Is there a situation where allowing an arbitrary file- or
  directory-existence test would be bad?
 
 This all depends on how paranoid we want to be.  There are certainly
 situations when this will be bad -- it lets you determine who else
 has an account on a computer, for example.  But there are contexts
 where having GC be observable is a security hole as well, so we have
 to pick a spot on the continuum.

Getting some hacker-useful information from an observable GC time is
much harder than doing so from FS existence tests.  Two quick
examples:

  * On a unix machine, check if there's a /tmp/shadow file -- if there
isn't then you have a machine that is a potential gold mine for
hackers.

  * On a windows machine you can use some network drive or a drive of
some random device for a kind of a local DOS attack.

(There's probably a lot of similar things that are much more
sophisticated; probe attacks in general are very common now.)

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Re: [racket-dev] [plt] Push #27090: master branch updated

2013-08-14 Thread Eli Barzilay
About a month ago, Matthias Felleisen wrote:
 
 On Jul 7, 2013, at 12:08 AM, Eli Barzilay e...@barzilay.org wrote:
 
  It would be nice to have some way of doing it with contracts, but
  that's obviously impractical -- so I think that a good way to
  solve it and other such problems is to add a parameter for the
  name used in read errors, and making `raise-read-error' behave in
  a similar way to `raise-syntax-error' with the parameter used as
  the `foo:' part of the error message.
 
 Boy I like this. I can't remember how often I have code up something
 like '#:function' and thought this is a general problem worthy of a
 solution.

My point was that this is a problem with readers -- where you often
wrap some reading function (that can fail) by your own reader
function, and any reading problems should therefore be attributed to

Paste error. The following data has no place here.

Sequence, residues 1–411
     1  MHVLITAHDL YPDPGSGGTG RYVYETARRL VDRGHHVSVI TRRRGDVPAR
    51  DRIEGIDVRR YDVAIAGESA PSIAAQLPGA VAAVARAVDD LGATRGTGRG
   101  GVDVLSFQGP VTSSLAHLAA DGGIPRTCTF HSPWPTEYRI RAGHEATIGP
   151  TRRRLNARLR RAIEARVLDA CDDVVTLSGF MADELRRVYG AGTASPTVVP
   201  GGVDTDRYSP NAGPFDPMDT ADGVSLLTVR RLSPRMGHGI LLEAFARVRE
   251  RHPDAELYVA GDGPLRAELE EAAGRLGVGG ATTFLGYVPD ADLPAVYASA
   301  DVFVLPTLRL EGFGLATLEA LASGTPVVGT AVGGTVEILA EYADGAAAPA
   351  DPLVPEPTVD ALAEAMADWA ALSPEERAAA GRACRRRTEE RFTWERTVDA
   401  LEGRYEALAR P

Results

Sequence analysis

your reader.  That's why I think that a parameter would be a nice way
to address this.

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[racket-dev] Require error

2013-08-14 Thread Eli Barzilay
Here's a confusing require error that I ran into:

  - ,r tests/json
  ; stdin:2:3: cannot open module file
  ;   module path: tests/json
  ;   path: /home/eli/src/plt/pkgs/db-pkgs/db-test/tests/json.rkt
  ;   system error: No such file or directory; errno=2
  ; [,bt for context]

The path: part has gone from being useless to being confusing...

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[racket-dev] Fishy directory rename

2013-08-14 Thread Eli Barzilay
Trying to sort out some apparent mess in the props, I ran into this
possibly bad rename:

pkgs/htdp-pkgs/htdp-lib/2htdp/utest
--
pkgs/htdp-pkgs/htdp-test/2htdp/utest

Before the move, the utest directory was not considered a test by
the old distribution rules (since it wasn't in a tests directory),
and after the move it is in a *-test package and therefore probably
considered as tests that wouldn't be packaged in the release.

I *think* that it's wrong, because I vaguely remember Matthias saying
that he wants utest in the distribution, but I'm not sure.

[The more disturbing point is that dealing with two of these paths and
comparing it with the old paths made this thing ridiculously difficult
to notice.]

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[racket-dev] git tag (was: package-system update)

2013-08-13 Thread Eli Barzilay
About a month ago, Matthew Flatt wrote:
 At Thu, 18 Jul 2013 09:11:28 +0200, Togan Muftuoglu wrote:
  When I check the current HEAD tag of the master this is what I get. Is
  this what it should be if not can it be fixed so it reflects reality?
  
 ~/devel/git-sources/racket $ git describe --tags HEAD
 v5.0.1-12863-g3c0b799
 
 I think this result reflects that we don't generally tag commits in the
 master branch. We tag releases, but those are normally commits (that
 were constructed via branches) that are not reachable from HEAD. It
 happens that v5.0.1 coincides with a commit reachable form HEAD (for